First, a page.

Another USA hoops gold not that easy
Posted: Tuesday, August 14, 2012 7:45 am
By JAY COHEN
AP Sports Writer
LONDON (AP) — LeBron James stood with both arms in the air, then hugged Kevin Durant before they headed to the bench.
They were quite the combination all day long.
James had a huge dunk and a 3-pointer in the final 2:50 and Durant scored 30 points, helping the U.S. win its second straight Olympic title with a 107-100 victory over Spain on the final day of the London Games.
“We knew it wasn’t going to be easy. We didn’t want it easy,” James said. “A lot of teams have won gold easy. We didn’t want it that way. We’re a competitive team and we love when it gets tight.”
Mike Krzyzewski, who has said he’s retiring as U.S. coach, emptied his bench in the final minute Sunday, then embraced James after the final horn sounded. The Americans hugged at midcourt.
Four years after beating Spain 118-107 in the Beijing final, the U.S. found itself in another tight one, unable to truly slow the Spanish down until the closing minutes.
James had 19 points on a day he joined Michael Jordan as the only players to win the NBA title, regular-season MVP, NBA Finals MVP and Olympic gold in the same year.
For Kobe Bryant, it was his last Olympic moment.
“This is it for me,” said Bryant, who scored 17 points and now has a second gold medal to go with his five NBA championships. “The other guys are good to go.”
Britain finished its home Olympics with its biggest medal haul since 1908, but the top of the table belonged to the United States. The Americans topped the chart with 46 golds and 104 overall, easily clearing China’s second-place total of 87.
Part of the U.S. winning total belonged to the men’s wrestling team, which had multiple gold medalists for the first time since 1996.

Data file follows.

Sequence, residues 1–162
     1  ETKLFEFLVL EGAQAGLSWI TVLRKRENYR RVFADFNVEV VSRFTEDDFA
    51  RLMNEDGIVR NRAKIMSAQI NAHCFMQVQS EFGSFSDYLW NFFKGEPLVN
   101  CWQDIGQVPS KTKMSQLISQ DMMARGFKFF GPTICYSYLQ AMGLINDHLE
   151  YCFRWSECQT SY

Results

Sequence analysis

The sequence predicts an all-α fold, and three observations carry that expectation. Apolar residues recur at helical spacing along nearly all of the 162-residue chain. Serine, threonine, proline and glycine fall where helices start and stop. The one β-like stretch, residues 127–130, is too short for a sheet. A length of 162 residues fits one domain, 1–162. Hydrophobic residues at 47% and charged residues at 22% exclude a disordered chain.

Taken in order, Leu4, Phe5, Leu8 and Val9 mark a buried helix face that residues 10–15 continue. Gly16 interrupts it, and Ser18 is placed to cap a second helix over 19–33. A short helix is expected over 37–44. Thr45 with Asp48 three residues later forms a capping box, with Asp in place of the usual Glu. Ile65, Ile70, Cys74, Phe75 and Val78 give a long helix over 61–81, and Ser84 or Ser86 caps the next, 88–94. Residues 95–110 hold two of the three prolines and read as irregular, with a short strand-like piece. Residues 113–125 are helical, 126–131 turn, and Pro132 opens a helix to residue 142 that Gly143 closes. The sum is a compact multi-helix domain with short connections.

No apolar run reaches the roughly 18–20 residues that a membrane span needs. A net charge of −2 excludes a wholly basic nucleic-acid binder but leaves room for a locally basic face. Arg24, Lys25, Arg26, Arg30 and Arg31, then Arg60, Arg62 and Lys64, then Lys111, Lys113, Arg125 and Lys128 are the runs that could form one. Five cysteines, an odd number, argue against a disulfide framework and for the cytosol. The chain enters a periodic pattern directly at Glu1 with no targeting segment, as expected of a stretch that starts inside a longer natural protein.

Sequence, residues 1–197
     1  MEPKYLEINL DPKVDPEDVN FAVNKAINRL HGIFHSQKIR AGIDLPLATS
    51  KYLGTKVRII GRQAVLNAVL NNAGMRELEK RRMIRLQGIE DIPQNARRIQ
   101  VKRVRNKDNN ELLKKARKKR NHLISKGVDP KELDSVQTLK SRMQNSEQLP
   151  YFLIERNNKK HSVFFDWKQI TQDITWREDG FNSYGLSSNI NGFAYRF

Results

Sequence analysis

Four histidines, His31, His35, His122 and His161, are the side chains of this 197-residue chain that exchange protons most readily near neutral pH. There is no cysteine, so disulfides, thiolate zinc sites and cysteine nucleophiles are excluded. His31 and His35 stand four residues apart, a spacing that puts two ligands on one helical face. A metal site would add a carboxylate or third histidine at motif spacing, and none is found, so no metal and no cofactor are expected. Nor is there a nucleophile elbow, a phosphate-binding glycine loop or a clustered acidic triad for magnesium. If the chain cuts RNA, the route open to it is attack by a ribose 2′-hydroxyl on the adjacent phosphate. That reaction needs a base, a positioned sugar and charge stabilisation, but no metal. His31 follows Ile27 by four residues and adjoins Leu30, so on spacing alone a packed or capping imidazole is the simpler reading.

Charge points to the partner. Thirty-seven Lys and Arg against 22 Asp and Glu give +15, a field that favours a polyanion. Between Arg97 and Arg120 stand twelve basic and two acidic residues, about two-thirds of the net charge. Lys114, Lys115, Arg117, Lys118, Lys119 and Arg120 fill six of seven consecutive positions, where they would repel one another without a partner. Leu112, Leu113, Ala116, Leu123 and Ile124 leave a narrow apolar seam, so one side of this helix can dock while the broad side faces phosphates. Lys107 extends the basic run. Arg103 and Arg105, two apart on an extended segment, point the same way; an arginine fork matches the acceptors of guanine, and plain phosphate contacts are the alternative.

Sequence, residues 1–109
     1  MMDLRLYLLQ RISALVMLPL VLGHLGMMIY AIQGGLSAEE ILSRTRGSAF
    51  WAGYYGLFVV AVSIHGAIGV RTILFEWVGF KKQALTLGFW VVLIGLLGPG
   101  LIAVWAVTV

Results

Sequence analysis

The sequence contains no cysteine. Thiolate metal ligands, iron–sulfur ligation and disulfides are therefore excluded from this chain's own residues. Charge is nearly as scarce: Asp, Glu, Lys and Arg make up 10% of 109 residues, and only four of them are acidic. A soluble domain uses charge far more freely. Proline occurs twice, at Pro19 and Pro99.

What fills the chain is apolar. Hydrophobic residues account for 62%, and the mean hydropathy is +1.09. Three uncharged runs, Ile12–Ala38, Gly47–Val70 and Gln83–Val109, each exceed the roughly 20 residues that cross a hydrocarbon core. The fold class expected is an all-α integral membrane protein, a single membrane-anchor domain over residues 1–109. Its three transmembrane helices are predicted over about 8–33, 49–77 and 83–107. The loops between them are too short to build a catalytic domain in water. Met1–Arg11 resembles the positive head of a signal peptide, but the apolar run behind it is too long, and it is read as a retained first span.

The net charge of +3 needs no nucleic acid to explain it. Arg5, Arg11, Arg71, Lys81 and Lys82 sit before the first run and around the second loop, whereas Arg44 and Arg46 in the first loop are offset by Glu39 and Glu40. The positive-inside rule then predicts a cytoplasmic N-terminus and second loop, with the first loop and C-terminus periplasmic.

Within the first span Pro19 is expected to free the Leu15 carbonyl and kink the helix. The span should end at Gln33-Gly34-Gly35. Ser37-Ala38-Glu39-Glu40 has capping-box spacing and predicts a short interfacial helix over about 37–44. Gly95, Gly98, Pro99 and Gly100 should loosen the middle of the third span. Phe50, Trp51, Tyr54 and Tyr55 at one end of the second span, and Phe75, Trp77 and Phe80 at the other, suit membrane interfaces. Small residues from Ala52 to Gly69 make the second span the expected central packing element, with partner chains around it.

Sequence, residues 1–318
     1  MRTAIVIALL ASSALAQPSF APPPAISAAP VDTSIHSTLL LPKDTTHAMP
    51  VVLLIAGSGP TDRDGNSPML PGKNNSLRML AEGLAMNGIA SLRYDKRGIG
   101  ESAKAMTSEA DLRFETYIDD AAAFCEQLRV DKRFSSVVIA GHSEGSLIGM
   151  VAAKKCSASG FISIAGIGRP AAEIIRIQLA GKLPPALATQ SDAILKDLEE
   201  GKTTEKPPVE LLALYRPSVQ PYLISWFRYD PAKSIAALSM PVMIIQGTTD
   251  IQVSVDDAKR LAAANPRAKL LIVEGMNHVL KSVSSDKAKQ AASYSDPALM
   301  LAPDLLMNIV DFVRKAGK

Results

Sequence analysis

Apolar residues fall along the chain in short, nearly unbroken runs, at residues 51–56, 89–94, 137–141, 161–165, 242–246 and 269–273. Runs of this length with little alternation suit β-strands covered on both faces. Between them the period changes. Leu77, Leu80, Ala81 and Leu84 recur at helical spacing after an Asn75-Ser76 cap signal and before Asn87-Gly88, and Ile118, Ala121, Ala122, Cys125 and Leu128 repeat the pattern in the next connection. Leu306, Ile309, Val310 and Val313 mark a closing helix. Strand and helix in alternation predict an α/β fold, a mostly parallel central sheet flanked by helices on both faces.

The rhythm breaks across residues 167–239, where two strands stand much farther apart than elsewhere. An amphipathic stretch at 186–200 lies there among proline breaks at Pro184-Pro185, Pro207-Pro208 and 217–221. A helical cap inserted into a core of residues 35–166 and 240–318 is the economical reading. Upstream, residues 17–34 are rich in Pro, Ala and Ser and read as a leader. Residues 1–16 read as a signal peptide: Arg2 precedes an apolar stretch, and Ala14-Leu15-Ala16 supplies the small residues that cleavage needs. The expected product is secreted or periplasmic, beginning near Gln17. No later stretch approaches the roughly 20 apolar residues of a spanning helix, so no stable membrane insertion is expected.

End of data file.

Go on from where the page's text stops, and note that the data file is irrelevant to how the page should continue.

Jake Varner got the second one when he won four straight matches to take the 96-kilogram freestyle, beating Valerie Andriitsev of Ukraine 1-0, 1-0 in the final.
Varner fell to his knees once the clock ticked to zero, soaking in the fact he had just accomplished the biggest goal of his life. He soon found Cael Sanderson, a gold medalist at the 2004 Athens Olympics who helped coach him to the title, and thanked him with a a leaping bear hug.
Britain’s final gold of the games went to super heavyweight Anthony Joshua, who rallied from a late deficit to upset defending champ Roberto Cammarelle of Italy on a tiebreaker.
Joshua’s big finish in the tournament’s glamour division allowed him to match the titles won by bantamweight Luke Campbell and women’s flyweight Nicola Adams, part of Britain’s five-medal boxing haul that included Freddie Evans’ welterweight silver from Sunday.
Also winning divisions were: Ukrainian lightweight Vasyl Lomachenko, flyweight Robeisy Ramirez of Cuba, welterweight Serik Sapiyev of Kazakhstan and Russian light heavyweight Egor Mekhontsev.
Sapiyev was honored as the tournament’s best boxer.
Uganda picked up its first and only medal of the games when Stephen Kiprotich easily captured the Olympic marathon.
Kiprotich finished in 2 hours, 8 minutes, 1 second, holding off the Kenyan duo of Abel Kirui and Wilson Kipsang.